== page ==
A big downside of using a custom design battery, is that the battery will require various safety certifications which can add to the project’s upfront costs.

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Whereas, off-the-shelf batteries can be purchased that already have the necessary safety certifications.

Finally, since the battery is generally non-replaceable, it must have good life cycle characteristics (i.e. how many times can it be recharged).

Combining that requirement with a custom battery design means that life cycle testing needs to be performed. Since this testing can take a long time, the battery design needs to be finalized early in the design phase.

Battery charging is generally done through charging contacts such as through a microUSB connector. Since these contacts are exposed to sweat and dust, proper consideration should be given to ensure reliable charging.

Wireless charging and solar charging are generally not feasible for wearables because they require fairly large surface areas for the receiving coil, or solar cells, in order to generate enough energy to charge the battery in a reasonable amount of time.

Component Placement

Putting all the components together will commonly require multiple thin-substrate PCB’s that are stacked together. The use of flex PCB’s should also be considered in order to maximize the available space.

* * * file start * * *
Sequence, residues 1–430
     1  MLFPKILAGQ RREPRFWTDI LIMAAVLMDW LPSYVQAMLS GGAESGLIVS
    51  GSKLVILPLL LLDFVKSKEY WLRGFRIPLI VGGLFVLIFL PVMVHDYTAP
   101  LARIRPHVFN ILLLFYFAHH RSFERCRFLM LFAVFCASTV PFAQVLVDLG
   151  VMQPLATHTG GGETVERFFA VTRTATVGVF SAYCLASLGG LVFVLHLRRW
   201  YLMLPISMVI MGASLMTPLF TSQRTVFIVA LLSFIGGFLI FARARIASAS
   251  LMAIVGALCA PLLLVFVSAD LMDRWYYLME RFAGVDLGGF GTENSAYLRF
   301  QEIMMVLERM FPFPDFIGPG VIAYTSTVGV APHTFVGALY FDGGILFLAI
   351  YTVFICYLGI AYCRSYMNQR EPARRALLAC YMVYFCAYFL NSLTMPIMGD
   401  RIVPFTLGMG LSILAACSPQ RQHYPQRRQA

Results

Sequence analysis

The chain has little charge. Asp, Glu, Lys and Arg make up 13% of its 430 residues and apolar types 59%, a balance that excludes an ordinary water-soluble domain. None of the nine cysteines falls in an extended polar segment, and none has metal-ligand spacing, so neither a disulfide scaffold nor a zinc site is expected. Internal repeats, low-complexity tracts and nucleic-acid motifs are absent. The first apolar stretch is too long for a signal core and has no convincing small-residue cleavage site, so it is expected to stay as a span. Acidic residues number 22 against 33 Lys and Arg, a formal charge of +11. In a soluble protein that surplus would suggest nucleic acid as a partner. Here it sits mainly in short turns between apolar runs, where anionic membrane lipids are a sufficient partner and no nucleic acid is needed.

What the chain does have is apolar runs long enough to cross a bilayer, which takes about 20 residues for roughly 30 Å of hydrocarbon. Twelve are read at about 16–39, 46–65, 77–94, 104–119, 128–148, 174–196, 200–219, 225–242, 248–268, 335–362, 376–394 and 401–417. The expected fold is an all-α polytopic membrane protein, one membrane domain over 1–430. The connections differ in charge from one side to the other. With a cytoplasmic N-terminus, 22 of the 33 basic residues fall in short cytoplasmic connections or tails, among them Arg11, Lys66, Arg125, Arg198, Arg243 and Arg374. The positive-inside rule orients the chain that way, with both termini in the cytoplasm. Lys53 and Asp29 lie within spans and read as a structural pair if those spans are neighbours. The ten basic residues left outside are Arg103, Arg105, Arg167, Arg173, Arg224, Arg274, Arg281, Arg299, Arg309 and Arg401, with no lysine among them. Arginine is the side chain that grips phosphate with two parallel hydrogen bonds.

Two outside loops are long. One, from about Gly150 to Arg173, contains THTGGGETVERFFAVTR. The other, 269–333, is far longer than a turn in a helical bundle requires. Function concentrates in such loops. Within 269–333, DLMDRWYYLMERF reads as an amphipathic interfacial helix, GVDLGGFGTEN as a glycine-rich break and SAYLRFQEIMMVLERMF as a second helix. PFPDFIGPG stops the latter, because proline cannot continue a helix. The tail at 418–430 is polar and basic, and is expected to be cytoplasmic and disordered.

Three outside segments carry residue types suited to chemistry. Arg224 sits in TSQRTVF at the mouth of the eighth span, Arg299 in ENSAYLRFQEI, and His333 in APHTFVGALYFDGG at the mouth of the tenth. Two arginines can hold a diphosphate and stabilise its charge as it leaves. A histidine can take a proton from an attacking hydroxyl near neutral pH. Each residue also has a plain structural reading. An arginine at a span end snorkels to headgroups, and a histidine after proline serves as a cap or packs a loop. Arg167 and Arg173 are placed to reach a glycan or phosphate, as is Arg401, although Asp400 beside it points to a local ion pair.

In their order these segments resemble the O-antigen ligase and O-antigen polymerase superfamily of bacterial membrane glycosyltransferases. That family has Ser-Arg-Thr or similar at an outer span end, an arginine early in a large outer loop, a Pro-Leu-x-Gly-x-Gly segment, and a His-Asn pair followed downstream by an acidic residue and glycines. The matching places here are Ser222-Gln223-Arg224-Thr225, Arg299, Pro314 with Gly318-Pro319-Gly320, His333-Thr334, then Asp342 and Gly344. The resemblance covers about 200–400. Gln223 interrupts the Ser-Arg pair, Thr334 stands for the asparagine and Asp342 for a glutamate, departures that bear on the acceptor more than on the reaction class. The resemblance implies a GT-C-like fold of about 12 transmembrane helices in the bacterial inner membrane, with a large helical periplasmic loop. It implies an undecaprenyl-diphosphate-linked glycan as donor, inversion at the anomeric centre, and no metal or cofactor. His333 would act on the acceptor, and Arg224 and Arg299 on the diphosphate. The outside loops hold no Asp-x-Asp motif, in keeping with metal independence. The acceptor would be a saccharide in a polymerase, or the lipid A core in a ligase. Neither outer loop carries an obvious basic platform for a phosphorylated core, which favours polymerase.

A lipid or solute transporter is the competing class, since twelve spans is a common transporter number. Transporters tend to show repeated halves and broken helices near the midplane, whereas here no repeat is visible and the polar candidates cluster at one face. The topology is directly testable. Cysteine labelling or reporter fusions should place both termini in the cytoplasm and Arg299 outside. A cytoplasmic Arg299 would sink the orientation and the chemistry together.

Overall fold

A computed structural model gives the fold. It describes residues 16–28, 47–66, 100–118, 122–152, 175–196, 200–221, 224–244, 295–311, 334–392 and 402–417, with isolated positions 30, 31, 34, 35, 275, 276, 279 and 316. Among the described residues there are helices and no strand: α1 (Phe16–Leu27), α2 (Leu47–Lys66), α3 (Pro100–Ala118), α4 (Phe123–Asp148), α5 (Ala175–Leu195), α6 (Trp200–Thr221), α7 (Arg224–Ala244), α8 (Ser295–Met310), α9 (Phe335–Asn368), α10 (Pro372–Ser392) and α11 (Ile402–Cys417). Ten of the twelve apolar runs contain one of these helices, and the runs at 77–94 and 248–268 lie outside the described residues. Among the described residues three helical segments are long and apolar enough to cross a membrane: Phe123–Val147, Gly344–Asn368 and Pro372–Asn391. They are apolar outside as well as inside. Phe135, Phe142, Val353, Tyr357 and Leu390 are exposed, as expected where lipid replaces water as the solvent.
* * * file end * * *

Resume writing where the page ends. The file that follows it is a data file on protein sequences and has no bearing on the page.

The interconnections must not be overlooked, and the connectors need to be very small with high reliability.

Thermal management will heavily dictate the placement of components on the PCB. In the first place, the reliability of a component will be diminished if it gets too hot.

Another consideration is that the user may not want to feel a body-worn device that is uncomfortably warm, even though it may still be quite safe for the components themselves.

So, the part of the device that is actually in physical contact with the user should be kept free of high heat dissipating components. There are actually published limits for acceptable maximum temperatures for devices that contact human skin. These limits vary depending on the actual type of material.

With regards to the battery cavity, it should also be designed with some form of relief vent. It should point away from the user in the event of a (hopefully rare) catastrophic failure.

Testing

A wearable device is generally subjected to a lot more mechanical abuse than a normal stationary product.

So, a more rigorous shock, vibration, drop and tumble testing regime is required to ensure reliable operation over the product’s lifetime.

I highly recommended that you track failure rates and analyze the failure types. Be proactive in spotting potential serious issues before they become catastrophic ones.

Conclusion

Designing a wearable device is inherently more complex and expensive than designing a similar functioning non-wearable product. The severely limited space is a major design constraint that generally requires significant tradeoffs.

Battery life and product size are the two primary tradeoffs required when designing a wearable product.

Don’t forget, since the product will be worn by the user you will need to add additional safety requirements.

If you need engineering technical support, coaching, training, connections, referrals, and resources to help bring your new electronic hardware product to market then be sure to check out the Hardware Academy.

The key to success is knowledge of the obstacles that lie in your path and a realistic plan on how to overcome those obstacles. Helping you accomplish this is the goal of the Predictable Hardware Report.